Saturday was an important day for the city of York, as it marked the grand opening of the largest, all-inclusive playground in the state of Nebraska: Peyton Parker Lane Playground. The playground is named in memory of three children who touched the lives of many: Peyton and Parker Hoffman and Lane McDaniel.
Peyton Parker Lane Playground opens
25 May 2023
News Articles, News
A dream turned into a reality: Peyton Parker Lane Playground opens
By Naomi Snider, York News-Times
Families came from near and far to witness the ribbon cutting and children of all abilities left with smiles and giggles that could be heard from miles away. It was a day that many won’t forget.
Mayor Berry Redfern opened the ribbon cutting ceremony by expressing his appreciation of the collaborative efforts of the Peyton Parker Lane committee volunteers and community members who made this possible for people with all abilities.
“One of the great things about being involved with city government is to see an idea turn into a reality and there it is,” said Redfern. “To these passionate people that had raised this money, had this idea, and made this thing happen... to all of the people and businesses in this community that supported in this effort to make this happen, I thank you all. This is a great addition to York. It’s something that kids and people will enjoy for so long. I am just thrilled to live in York, Nebraska.”
Crouch Recreation’s Eric Crouch, who oversaw the construction of Peyton Parker Lane, also spoke to the crowd of people, eagerly waiting for the fun that was ahead. Crouch thanked the committee for allowing him to oversee the project.
Crouch said, “I’ve really enjoyed working with the community, working with Julie on the design of the playground. It’s a beautiful park. I think you’re going to love it. I want to thank her and the committee. You have put in so much time and effort and raised a ton of money. This is something that is truly extraordinary. It’s going to be an amazing addition to this community. I think you’re going to see a lot of people from a lot of parts of the state and out of state, who are going to be using this facility.”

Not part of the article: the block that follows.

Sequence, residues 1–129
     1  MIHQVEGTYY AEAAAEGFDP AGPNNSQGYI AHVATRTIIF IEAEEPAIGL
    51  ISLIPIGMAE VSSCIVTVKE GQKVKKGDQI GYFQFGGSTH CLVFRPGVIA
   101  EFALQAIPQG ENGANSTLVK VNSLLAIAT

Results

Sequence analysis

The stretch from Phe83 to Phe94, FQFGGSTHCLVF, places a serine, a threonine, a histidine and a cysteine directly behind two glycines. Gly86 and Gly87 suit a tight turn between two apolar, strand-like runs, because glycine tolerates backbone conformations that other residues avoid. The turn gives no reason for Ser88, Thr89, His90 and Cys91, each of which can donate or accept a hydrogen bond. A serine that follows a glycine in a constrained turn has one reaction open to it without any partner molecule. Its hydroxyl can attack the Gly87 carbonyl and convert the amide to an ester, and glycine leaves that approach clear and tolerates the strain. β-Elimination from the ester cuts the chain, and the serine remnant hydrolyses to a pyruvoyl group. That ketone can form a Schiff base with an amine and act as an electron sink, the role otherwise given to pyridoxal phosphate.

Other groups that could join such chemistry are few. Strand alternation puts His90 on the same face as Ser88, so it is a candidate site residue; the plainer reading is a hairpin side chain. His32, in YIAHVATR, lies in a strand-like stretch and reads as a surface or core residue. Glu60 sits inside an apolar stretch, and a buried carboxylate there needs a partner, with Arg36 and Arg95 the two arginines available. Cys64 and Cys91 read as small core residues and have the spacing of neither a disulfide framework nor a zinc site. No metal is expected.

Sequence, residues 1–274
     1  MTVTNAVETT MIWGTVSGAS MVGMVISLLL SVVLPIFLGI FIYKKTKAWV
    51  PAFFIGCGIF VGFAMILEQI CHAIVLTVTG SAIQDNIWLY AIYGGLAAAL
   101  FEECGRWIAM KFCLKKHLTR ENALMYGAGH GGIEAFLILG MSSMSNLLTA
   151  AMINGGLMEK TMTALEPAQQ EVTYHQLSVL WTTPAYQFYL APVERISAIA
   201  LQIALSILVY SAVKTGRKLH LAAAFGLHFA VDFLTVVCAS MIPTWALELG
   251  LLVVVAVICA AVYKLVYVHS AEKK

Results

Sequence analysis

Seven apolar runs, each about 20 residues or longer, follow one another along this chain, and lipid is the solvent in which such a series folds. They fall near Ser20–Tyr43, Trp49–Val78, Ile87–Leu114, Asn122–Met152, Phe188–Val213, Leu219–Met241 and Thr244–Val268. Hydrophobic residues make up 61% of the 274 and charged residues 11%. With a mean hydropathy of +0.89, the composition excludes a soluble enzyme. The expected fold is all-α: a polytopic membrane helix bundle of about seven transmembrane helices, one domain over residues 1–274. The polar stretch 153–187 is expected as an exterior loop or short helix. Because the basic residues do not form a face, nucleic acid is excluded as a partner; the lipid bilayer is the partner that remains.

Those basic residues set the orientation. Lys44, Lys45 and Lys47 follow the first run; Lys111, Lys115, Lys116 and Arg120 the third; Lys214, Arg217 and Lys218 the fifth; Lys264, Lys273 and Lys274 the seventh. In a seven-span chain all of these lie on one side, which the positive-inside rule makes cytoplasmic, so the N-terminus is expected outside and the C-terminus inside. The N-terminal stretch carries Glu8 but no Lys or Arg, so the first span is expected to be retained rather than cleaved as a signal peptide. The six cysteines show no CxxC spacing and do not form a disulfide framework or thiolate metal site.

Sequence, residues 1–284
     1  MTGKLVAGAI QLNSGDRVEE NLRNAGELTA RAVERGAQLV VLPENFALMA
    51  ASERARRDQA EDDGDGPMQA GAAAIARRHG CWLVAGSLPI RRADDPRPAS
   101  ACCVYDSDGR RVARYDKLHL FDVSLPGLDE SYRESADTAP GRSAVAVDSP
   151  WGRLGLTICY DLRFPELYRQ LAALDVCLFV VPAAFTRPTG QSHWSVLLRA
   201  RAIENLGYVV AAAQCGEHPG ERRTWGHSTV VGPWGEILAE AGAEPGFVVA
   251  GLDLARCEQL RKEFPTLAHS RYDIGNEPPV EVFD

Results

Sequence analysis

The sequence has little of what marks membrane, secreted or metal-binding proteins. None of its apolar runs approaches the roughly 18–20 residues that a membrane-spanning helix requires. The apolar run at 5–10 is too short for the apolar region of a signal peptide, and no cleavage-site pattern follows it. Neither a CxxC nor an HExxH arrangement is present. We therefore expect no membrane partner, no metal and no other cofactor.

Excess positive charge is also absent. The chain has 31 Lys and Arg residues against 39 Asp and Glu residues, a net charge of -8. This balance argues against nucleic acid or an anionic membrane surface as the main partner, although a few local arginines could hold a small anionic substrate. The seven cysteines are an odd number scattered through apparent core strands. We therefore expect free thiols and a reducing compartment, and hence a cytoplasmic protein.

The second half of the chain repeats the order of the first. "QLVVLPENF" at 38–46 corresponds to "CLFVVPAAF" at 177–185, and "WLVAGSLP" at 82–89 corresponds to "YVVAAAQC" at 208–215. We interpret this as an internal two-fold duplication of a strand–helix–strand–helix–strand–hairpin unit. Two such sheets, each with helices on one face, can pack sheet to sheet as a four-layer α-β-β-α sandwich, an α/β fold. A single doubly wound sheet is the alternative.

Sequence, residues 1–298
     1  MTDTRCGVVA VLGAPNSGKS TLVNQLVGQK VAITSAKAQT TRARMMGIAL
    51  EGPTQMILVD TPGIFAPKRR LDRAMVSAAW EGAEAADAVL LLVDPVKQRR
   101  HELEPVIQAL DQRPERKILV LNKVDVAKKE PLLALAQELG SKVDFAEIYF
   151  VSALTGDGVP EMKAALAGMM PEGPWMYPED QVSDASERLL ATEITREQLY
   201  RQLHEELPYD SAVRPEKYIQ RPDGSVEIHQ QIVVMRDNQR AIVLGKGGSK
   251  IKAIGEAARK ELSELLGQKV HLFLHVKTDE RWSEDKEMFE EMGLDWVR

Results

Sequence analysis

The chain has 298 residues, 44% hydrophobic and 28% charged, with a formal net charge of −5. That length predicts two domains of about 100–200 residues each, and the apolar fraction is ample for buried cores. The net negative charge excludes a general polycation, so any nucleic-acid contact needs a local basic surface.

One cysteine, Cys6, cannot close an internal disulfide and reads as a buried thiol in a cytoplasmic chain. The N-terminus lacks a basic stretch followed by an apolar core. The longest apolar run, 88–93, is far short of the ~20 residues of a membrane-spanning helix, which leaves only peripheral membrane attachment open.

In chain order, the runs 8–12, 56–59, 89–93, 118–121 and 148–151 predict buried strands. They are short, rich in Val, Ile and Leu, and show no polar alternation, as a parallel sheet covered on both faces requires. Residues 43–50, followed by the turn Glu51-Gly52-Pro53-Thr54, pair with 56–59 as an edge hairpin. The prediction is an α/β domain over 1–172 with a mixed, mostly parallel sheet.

Natalie Mackay, founder of Unlimited Play said Peyton Parker Lane Playground is the 84th playground they have opened. Unlimited Play also contributed to planning, designing, and development of the playground. According to unlimitedplay.org, Unlimited Play has collected information from children, parents of children with disabilities, veterans, therapists, and experts to help design playgrounds that will impact communities for generations to come.
Mackay, “When Eric said ‘extraordinary’, oh my goodness. You are a town of 9,000 people who raised $1.3 million. I have the opportunity to speak all over the nation, and I use your project as an example of what can be done, and I also say ‘please don’t think it’s possible in each and every place.’ It takes a committee like yours.”
Paul Jaekel, who spoke on behalf of the Peyton Parker Lane committee said, “This playground does not have to be the end of it. This does not have to be the end of the inclusion. This is just the beginning for York, Nebraska and the surrounding areas for inclusion. Let’s continue to love our neighbors this way, people.”
The mother of Lane McDaniel, April McDaniel said, they call this project "healing by helping."
“This is how we heal when we are dealing with adversity and when we are dealing with loss and I want you to think about that,” said McDaniel. “When you think about something that knocks you down and maybe shakes you up a little bit, you have a choice. You have a choice to do something great with it or you have a choice to sit back in your pity and be sad about it and do nothing. This is an example of people that came together that have fought through some adversity and loss. Let it be an example to you of what you can do through 'healing by helping.'”
Julie Hoffman, mother of Peyton and Parker, said, “When April and I stood at York General’s donation of $100,000, I looked at her and said ‘We’re not driving this bus anymore, God’s driving this bus.’ I thank him every day for growing up with two little sisters who had intellectual disabilities who taught me how to be the best mom I could be to Peyton and Parker. They were incredible individuals and they are missed dearly, but because of their lives and how they lived, this playground is here. I poured my heart and soul into this playground and I hope it shows and I hope it creates relationships with all kids of all abilities when they come here.”
The ribbon was cut and York Parks and Recreation Director Cheree Foltz shouted “Open the gate and go play!”
Kids poured into the golden gate from left and right. Those who were in wheelchairs were finally swinging, playing with musical instruments and various playground equipment just as the other children. This was no longer a once-in-a-lifetime moment, but a moment they will get to experience over and over again for years to come.
Original article here